– Bachelor of Science in Nursing (BSN) » Available at colleges and universities

– Master of Science in Nursing (BSN) » Colleges and universities

– Doctoral degrees (DNP, ND, PhD, DNSc) » Colleges and universities
Nursing degrees available

For example, if you’d like to become a nursing assistant, you would need a post-secondary certificate or diploma which takes anywhere from 4-12 weeks. This is a great way to quickly join the nursing field without having to commit to nursing school.

Alternatively, if you are definitely interested in nursing and would like to provide more comprehensive care to patients, perhaps being a nurse practitioner is for you! To become a nurse practitioner, you will need a Master’s degree (2 years) and a Doctorate of Nursing Practice (DNP) will be required by 2025 (4–12 weeks), after you’ve received your Bachelors degree.

Also, if you think that all nursing careers require you to be at your patients’ bedside, watch this video!

Nursing jobs beyond the bedside

Nursing Specialties You May Not Have Known About

In addition to the different levels of nurses, there are also many nursing specialties available. Here are some nursing specialties you may not know about: have considered:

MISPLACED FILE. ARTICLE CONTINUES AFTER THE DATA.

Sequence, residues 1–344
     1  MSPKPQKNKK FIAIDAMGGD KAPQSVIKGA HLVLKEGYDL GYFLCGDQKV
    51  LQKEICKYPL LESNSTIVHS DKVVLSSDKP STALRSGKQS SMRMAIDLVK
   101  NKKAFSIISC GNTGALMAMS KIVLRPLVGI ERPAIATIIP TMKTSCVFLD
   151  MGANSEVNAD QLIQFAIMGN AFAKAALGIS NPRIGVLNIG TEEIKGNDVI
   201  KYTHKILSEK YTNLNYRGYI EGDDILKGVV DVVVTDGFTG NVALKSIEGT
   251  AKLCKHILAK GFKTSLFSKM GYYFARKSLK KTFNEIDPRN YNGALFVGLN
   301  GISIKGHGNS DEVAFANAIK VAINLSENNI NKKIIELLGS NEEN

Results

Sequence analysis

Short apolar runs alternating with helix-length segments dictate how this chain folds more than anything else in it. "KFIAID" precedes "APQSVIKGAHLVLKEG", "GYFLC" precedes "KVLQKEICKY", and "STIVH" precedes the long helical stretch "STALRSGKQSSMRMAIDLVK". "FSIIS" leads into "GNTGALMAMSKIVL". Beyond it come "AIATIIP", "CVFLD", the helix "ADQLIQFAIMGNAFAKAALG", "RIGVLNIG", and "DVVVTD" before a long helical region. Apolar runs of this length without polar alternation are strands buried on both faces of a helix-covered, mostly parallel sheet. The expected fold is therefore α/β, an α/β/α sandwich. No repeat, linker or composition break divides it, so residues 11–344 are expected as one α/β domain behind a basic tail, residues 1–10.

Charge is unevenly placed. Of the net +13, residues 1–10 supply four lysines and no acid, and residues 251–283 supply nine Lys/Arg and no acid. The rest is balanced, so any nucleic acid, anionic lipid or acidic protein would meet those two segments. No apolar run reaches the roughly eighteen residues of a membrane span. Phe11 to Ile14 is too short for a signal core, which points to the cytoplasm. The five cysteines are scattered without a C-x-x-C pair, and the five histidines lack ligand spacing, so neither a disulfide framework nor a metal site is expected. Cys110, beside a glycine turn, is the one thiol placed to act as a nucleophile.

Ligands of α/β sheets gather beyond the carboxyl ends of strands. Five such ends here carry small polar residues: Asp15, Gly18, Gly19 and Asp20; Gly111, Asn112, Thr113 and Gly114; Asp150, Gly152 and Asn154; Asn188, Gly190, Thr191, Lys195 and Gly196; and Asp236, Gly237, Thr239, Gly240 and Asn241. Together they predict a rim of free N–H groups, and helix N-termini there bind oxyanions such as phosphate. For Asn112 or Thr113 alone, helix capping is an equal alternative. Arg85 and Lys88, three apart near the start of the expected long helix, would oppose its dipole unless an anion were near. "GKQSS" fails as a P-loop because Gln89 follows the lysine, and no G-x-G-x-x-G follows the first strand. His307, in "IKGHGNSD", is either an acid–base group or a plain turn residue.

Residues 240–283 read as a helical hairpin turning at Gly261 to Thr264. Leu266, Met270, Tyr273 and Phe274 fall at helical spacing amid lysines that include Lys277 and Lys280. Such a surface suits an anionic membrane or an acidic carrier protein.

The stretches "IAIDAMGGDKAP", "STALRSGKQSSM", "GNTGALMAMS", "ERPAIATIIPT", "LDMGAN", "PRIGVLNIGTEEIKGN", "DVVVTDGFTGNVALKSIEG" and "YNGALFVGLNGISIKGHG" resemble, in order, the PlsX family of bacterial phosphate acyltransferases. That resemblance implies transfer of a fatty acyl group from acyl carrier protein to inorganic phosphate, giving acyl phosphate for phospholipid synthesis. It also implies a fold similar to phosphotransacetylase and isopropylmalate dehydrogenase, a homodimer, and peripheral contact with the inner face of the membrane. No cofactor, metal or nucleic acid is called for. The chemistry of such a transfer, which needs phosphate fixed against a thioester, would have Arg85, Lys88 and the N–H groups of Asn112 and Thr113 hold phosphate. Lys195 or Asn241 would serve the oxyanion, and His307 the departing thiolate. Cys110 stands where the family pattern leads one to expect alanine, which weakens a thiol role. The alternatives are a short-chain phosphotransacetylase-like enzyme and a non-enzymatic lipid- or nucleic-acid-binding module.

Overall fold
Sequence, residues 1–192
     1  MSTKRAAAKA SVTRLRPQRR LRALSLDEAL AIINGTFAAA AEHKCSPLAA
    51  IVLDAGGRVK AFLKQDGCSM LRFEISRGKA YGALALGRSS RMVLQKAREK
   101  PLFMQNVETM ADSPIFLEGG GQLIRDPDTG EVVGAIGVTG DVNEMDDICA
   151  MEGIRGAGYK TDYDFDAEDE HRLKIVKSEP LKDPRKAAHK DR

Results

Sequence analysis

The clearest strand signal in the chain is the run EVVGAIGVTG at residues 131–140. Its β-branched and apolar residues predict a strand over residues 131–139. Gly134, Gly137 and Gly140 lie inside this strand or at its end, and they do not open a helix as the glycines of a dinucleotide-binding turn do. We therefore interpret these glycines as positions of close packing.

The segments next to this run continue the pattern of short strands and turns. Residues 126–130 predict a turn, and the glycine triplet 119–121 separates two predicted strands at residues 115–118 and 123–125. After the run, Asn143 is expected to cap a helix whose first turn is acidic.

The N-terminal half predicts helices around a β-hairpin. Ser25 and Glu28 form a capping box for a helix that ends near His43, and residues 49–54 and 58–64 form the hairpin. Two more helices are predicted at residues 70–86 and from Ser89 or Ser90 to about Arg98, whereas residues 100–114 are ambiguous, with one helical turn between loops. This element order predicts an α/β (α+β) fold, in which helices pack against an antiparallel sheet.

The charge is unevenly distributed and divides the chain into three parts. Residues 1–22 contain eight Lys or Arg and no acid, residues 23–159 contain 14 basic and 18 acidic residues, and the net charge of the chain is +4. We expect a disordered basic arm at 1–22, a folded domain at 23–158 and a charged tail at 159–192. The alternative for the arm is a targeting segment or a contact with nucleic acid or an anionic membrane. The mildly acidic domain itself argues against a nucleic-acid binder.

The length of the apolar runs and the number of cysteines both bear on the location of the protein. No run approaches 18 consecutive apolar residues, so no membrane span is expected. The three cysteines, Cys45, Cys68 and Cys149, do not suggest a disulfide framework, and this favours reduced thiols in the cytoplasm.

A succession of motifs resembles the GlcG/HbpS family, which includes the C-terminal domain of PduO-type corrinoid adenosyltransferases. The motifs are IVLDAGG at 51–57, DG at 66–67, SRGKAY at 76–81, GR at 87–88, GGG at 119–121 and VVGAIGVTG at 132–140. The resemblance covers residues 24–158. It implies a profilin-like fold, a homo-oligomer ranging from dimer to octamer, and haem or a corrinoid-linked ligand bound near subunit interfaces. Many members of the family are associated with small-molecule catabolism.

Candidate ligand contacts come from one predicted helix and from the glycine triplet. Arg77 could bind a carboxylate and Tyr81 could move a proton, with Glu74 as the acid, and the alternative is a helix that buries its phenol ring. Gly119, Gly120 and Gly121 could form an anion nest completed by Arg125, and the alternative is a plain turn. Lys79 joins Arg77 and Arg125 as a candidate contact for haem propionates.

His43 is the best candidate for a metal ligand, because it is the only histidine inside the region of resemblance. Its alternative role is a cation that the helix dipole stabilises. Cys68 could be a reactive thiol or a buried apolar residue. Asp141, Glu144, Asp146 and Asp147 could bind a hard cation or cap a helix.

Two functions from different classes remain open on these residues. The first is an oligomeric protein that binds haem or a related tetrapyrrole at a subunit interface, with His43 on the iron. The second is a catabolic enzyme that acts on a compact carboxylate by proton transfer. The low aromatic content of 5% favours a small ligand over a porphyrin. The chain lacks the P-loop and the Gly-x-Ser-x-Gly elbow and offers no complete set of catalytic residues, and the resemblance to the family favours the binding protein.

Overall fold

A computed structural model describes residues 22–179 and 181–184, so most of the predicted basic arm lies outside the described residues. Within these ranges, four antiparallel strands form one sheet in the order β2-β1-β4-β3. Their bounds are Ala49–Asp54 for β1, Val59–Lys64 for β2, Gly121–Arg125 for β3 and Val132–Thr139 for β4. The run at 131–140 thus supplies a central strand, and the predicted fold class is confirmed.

• Burn care nurse – Burn care nurses treat patients who have burn injuries from chemical, electrical and fire accidents. Burn care nurses are also highly skilled in pain management.
  • Myelomeningocele nursing care – These nurses work with infants who are born with the birth defect known as Spina bifida. In spina bifida with myelomeningocele, there is a protrusion of the spinal cord and the meninges, with nerve roots embedded in the wall of the cyst. These nurses are very specialized.
  • Travel wound care nurse – These travel nurses work specifically in wound care. Often times they work in emergency rooms and critical care wards.
  • Long term care travel nurse – These travel nurses develop long-term care plans for patients with progressive and chronic conditions. Long term care travel nurses also provide educational and emotional support for patients and family members.

Horizontal Bullying in Nursing is Real

You don’t have to go further than searching nurse bullying on Reddit (or work as a new nurse) to learn that horizontal bullying in nursing fields is prevalent. In fact, bullying in healthcare is 3x higher than all other professions. And it’s not just nurse to nurse bullying. There are also instances of nursing instructors bullying students and charge nurses bullying their staff nurses.

New nurses can also experience quite a bit of bullying. For example, of the newly licensed nurses (nurses licensed for under three years) 72.6% report being bullied recently.

What is Horizontal Bullying